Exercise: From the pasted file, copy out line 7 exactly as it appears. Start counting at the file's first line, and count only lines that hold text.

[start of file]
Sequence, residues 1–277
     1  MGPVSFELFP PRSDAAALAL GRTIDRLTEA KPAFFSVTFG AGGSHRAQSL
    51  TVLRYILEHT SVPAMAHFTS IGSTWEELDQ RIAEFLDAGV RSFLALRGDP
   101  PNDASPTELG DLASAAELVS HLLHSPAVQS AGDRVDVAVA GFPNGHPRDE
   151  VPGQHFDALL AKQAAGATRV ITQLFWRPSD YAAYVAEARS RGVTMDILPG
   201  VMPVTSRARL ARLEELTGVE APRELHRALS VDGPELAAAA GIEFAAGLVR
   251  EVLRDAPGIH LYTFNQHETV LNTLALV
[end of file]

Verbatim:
   251  EVLRDAPGIH LYTFNQHETV LNTLALV